Beckie Fox

Sanguisorba ‘Little Angel’. (Photo by Marco van Noort)

Sanguisorbas offer much to admire

Beckie Fox

If you’re looking for light, airy perennials with a naturalistic feel to mix in with echinaceas and ornamental grasses, consider sanguisorbas (a.k.a. burnets). Many varieties are hardy down to Zone 2.

Colchicums are a welcome surprise in fall. (Garden Making photo)

Bulbs: spring, summer and fall

Beckie Fox

Bulbs are on my mind these days. I’m awaiting the arrival of an order of spring-blooming bulbs, hoping the weather and my energy will be in synch when they do arrive. Everyone has their least-favourite garden task; planting bulbs in the fall is one of mine.

container with lush greenery

Time to take stock

Beckie Fox

Before your vegetable beds and containers are emptied and perennials cut back (if you choose to do that), take a few moments to walk around your garden to see what worked and what didn’t.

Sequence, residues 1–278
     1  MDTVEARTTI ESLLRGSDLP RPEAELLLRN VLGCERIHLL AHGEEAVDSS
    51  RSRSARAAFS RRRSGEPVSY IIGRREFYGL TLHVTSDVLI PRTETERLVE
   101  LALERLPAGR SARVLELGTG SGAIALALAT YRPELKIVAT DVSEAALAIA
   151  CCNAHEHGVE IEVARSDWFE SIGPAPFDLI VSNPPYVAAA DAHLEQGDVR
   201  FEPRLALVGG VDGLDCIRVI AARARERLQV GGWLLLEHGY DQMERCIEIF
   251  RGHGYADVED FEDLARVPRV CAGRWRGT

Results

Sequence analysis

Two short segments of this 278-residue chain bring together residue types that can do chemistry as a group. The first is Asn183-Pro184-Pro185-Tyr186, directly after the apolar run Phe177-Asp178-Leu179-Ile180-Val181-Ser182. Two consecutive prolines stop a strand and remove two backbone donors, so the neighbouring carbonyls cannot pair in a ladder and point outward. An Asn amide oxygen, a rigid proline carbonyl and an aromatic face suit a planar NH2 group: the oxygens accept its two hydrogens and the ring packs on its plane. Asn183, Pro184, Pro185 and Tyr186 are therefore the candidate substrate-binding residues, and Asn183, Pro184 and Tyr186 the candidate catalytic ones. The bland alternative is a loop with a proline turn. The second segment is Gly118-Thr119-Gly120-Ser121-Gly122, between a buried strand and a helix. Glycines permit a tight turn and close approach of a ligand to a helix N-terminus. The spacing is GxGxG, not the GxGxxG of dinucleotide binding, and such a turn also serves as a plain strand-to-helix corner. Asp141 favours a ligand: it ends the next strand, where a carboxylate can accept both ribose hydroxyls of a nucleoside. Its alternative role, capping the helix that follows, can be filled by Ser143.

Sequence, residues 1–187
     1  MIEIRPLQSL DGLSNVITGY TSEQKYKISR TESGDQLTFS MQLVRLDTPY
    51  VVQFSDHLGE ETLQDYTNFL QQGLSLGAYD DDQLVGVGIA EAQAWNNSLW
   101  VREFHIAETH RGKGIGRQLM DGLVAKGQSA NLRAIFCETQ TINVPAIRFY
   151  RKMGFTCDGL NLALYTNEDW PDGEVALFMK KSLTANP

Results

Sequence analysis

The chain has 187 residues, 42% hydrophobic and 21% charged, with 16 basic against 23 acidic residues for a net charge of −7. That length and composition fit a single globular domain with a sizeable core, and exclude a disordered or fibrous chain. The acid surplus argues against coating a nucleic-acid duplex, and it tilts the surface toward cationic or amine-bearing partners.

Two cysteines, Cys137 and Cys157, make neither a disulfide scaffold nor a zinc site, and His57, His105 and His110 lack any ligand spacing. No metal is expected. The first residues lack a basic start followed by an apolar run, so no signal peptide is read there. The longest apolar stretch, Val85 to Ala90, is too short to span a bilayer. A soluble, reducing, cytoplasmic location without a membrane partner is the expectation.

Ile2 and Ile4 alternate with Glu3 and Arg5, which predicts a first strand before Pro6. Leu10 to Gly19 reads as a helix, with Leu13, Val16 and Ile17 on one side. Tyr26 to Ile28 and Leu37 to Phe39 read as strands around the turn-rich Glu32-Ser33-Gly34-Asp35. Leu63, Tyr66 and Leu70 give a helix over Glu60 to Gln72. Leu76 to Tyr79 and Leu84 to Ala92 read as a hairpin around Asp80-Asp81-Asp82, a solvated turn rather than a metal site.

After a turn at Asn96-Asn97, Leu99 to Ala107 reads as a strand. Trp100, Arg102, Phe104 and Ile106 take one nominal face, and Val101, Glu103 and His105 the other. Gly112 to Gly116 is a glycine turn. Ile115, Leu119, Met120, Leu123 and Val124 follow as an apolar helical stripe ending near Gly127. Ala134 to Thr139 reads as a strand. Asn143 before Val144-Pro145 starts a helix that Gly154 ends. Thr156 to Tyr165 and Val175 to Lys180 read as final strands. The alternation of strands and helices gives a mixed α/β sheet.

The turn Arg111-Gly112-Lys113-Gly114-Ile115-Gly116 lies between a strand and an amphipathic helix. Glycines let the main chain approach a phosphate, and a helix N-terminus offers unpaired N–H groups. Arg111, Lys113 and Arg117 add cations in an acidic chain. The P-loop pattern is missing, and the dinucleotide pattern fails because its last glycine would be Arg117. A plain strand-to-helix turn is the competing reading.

American hornbeam (Carpinus caroliniana)

Talking about trees

Beckie Fox

Several of the native trees and shrubs in our backyard came from plant sales held at the University of Guelph Arboretum in Ontario. The trees we purchased at the arboretum were no more than a couple of feet tall when they went in, but established quickly.

Cimiifuga and Japanese anemone in garden in Beaverton, Ontario. (Photo by Stephen Westcott-Gratton)

Cimicifugas for next year

Beckie Fox

In late summer, I start emptying any containers with annuals beyond resuscitation, note where spring-blooming bulbs can be squeezed in and make lists of perennials to seek out next year.